CALL FOR SUBMISSIONS: Participate in Open Education Week (March 5-9) by submitting an event you’re hosting or an open resource to be featured on the OEW website. Submit by February 25th here: https://www.openeducationweek.org/page/call-for-participation
STORIES FROM THE FIELD
Quick snapshots of those making change on the ground level, and those impacted
FROM PENNSYLVANIA: A committee being formed by provost Patricia Beeson is expected to explore options, including a student-developed idea calling for expanded use by faculty of these lower-cost materials, and creation by Pitt of grants and other incentives for professors willing to participate. Read More >
FROM INDIANA: The four-week course will focus on finding educational materials that are both high quality and reviewed, highlighting those available through IU South Bend or IU-subscriptions. “We will also learn about copyright considerations and, finally, creating new, homegrown OERs here at IUSB. Faculty and instructors taking the redesign institute will identify and integrate alternative materials into existing or future courses,” states the syllabus for the course. Read More >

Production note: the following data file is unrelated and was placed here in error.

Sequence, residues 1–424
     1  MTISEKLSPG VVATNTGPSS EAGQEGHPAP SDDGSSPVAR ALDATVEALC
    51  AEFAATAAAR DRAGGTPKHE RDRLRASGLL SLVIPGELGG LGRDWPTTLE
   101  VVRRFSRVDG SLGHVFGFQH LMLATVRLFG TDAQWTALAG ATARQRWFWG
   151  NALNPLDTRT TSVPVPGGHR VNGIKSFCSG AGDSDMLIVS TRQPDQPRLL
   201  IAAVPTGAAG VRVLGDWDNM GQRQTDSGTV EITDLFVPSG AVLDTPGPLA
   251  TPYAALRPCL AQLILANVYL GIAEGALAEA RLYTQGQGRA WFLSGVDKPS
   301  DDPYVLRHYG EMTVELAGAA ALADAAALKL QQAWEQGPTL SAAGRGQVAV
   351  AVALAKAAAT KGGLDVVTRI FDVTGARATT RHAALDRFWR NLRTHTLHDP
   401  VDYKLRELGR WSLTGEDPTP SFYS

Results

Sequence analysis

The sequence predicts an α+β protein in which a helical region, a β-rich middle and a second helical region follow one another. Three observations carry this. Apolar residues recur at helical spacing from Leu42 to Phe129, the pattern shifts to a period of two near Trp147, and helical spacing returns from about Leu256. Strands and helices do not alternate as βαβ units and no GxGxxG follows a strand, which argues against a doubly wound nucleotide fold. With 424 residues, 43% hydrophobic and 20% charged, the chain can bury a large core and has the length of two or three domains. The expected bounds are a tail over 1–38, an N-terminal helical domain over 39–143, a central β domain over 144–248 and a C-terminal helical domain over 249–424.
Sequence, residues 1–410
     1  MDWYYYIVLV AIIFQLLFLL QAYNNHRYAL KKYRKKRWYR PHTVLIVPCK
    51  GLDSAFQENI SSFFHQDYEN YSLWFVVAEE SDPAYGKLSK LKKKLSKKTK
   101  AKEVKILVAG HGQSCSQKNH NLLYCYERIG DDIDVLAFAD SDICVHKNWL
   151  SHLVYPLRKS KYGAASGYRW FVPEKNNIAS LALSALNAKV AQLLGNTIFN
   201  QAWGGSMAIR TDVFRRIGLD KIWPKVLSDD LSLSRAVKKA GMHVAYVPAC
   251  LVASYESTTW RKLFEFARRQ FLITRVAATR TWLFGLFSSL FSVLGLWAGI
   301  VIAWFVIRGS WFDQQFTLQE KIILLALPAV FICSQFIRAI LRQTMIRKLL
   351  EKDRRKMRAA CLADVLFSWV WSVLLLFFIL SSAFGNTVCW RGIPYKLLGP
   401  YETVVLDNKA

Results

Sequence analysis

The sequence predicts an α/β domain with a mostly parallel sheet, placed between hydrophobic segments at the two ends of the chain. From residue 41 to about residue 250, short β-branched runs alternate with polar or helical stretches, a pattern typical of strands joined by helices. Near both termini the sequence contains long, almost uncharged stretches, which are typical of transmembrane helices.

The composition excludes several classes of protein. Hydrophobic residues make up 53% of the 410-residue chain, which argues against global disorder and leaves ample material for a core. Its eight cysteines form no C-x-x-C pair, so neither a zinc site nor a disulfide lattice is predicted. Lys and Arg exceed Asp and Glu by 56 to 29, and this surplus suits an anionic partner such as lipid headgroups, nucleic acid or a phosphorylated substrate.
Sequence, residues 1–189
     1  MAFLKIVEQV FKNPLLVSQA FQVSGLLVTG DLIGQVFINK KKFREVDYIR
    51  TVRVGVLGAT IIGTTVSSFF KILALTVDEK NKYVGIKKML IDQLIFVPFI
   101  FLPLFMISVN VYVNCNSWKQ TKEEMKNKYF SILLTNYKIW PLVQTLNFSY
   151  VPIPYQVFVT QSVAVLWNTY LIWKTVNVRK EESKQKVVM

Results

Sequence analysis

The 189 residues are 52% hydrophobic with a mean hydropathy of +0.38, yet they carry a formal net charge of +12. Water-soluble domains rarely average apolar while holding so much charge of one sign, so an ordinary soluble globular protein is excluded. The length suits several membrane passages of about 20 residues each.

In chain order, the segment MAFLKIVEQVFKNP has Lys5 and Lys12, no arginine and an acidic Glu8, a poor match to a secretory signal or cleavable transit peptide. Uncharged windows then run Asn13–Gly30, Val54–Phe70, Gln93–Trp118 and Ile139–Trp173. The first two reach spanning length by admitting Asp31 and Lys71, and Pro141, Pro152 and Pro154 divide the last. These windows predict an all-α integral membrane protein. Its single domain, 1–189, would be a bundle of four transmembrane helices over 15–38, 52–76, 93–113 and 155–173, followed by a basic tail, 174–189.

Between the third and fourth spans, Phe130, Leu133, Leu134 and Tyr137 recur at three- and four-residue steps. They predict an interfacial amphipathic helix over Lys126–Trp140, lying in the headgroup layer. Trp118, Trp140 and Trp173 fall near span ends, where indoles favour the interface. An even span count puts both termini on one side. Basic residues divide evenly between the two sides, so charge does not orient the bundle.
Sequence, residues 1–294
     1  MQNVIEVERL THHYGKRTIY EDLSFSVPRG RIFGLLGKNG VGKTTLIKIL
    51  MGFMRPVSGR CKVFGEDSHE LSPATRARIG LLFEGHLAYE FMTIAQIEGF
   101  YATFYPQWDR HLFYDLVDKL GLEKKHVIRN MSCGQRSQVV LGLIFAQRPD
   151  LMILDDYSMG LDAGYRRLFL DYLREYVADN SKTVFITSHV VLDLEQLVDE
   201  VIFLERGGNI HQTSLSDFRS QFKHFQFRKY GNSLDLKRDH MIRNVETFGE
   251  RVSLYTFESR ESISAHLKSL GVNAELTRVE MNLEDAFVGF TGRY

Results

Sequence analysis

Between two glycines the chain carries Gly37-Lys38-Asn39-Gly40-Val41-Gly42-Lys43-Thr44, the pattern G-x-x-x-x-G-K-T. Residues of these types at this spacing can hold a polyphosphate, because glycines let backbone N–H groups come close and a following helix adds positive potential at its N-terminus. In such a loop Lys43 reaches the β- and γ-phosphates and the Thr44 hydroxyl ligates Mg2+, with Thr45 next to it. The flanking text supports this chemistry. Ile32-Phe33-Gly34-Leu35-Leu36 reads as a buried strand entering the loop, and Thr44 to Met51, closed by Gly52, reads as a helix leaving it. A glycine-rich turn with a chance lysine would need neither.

HOT OFF THE PRESS
Each edition, we’ll highlight an interesting, new, openly-licensed resource
From Steven W. Ellingson of Virginia Tech comes a beta of Electromagnetics Volume 1 (CC BY-SA 4.0). The text, which is intended for third-year undergraduates in an electrical engineering program, employs the “transition lines first” approach and is currently being field tested in a Spring 2018 course.
Interesting Discussions and Strategic Reads to Repost or Share
Great to Share >>
5 Ways to Get Started with OER | eSchool News
Interesting to Consider >>
Amazon’s Education Hub, Amazon Inspire, Has Quietly Restored “Sharing” Function | EdSurge
Administrators Consider Teachers’ Professional Learning Needs Using Digital, OER Resources | Education Dive
This 1 Particular Area of Ed Tech is Ripe for Disruption | Entrepreneur
Opinion: It’s Time to Rid Ourselves of the Textbook Industrial Complex | Collegiate Times
The OER Digest is a public newsletter distributed to a broad group of stakeholders across the higher education community. You can join the open Google Group or check out the distribution list here.